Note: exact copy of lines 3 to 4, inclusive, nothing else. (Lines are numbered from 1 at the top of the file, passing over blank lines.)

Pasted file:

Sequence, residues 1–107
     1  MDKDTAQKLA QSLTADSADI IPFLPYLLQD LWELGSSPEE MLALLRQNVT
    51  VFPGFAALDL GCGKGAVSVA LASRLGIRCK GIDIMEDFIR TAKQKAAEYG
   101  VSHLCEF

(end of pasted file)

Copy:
    51  VFPGFAALDL GCGKGAVSVA LASRLGIRCK GIDIMEDFIR TAKQKAAEYG
   101  VSHLCEF